The Jesus Process
1. Plausibility and Possibility
In a few previous posts I’ve talked about the weight of “plausibility” in assessing arguments for the historicity of Jesus. A few commenters have correctly said that plausibility is not evidence. That’s true. No one said it was.
Plausibility is a precondition for managing the kinds of information that would be suitable for discussing a character like Jesus of Nazareth. A plausible cabbage is a cabbage that is not being passed off as a cucumber. Socrates–even without much evidence for his existence, outside dialogues attributed to him by a pupil whose dates and specifics are also sketchy–is typical of a range of fifth century Athenian philosophers. He is thus plausible as Herakles is not. Franklin D. Roosevelt and Clark Kent were contemporaries in 1938; only one is plausible.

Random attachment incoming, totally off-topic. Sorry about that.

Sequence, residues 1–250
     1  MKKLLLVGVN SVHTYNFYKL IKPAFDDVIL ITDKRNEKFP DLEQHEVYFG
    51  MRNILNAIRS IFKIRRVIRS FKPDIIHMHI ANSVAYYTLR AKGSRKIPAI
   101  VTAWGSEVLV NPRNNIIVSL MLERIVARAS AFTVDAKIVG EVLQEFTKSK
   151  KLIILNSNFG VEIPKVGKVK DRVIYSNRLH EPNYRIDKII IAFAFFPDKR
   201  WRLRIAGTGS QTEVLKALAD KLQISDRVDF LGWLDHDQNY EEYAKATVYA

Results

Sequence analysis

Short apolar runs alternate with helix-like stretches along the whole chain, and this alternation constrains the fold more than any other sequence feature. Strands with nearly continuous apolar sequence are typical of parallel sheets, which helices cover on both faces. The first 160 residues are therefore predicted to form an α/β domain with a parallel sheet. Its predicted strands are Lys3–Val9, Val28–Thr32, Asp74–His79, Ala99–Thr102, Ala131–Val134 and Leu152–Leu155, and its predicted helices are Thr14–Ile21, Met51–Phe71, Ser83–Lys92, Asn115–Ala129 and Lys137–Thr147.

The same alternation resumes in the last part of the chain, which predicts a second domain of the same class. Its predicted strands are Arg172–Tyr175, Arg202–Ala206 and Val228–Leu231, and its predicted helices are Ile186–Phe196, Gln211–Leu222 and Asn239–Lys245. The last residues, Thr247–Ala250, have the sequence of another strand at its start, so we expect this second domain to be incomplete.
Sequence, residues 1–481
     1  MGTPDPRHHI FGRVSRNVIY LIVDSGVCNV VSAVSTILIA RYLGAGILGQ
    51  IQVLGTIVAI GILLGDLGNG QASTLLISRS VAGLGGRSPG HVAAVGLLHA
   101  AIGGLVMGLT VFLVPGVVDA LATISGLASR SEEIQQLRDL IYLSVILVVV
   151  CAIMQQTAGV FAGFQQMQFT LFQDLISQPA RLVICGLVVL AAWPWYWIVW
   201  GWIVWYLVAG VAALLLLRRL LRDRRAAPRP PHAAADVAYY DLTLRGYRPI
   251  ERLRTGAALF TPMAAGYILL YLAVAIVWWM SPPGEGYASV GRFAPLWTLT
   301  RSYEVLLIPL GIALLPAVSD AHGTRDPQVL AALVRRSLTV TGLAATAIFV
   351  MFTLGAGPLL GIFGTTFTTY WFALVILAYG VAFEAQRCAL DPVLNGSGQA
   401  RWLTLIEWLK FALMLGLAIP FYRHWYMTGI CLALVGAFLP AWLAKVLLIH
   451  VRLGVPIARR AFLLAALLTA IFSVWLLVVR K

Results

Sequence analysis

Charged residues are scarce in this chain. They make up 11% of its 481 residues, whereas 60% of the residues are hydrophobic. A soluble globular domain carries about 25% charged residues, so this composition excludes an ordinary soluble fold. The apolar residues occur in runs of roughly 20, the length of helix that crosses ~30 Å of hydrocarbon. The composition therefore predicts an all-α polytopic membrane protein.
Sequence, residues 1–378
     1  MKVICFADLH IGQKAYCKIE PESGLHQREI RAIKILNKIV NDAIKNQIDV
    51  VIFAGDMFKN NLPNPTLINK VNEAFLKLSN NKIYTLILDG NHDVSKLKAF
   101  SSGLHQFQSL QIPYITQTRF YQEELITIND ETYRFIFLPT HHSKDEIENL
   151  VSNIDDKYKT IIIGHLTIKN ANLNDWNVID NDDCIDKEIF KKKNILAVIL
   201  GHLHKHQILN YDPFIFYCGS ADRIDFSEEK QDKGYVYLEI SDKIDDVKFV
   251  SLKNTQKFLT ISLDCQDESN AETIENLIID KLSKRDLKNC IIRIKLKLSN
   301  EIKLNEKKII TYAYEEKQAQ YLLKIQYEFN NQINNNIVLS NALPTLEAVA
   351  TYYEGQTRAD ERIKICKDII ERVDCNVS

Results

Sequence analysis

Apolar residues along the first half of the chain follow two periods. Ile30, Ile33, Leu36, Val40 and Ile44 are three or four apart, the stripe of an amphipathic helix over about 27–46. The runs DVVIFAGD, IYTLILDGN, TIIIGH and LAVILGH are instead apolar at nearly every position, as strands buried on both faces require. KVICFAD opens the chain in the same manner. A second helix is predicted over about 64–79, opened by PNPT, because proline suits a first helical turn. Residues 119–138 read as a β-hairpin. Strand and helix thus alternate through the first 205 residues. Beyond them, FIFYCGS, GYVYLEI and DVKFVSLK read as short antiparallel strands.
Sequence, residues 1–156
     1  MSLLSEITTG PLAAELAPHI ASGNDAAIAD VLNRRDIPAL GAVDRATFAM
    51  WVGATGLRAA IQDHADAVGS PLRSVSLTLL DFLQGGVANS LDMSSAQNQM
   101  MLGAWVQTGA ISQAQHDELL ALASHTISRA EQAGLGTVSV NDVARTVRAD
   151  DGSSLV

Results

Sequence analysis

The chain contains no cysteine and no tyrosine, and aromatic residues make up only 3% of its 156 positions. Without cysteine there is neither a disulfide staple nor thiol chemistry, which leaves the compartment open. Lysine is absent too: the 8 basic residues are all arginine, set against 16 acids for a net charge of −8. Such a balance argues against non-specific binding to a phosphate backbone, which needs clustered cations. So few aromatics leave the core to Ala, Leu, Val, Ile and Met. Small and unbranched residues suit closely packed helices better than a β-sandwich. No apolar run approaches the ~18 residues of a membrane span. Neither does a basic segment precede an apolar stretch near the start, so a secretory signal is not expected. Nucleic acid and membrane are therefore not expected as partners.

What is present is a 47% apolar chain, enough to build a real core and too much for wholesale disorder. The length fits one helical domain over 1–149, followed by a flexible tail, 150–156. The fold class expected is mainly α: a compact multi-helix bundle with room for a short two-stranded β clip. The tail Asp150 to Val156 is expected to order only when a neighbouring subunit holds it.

It is the minimal distinction between what is typical and what is unusual (or, strictly, incredible) that permits us to raise questions about plausibility. It’s true that a good writer can invent plausible figures, but…
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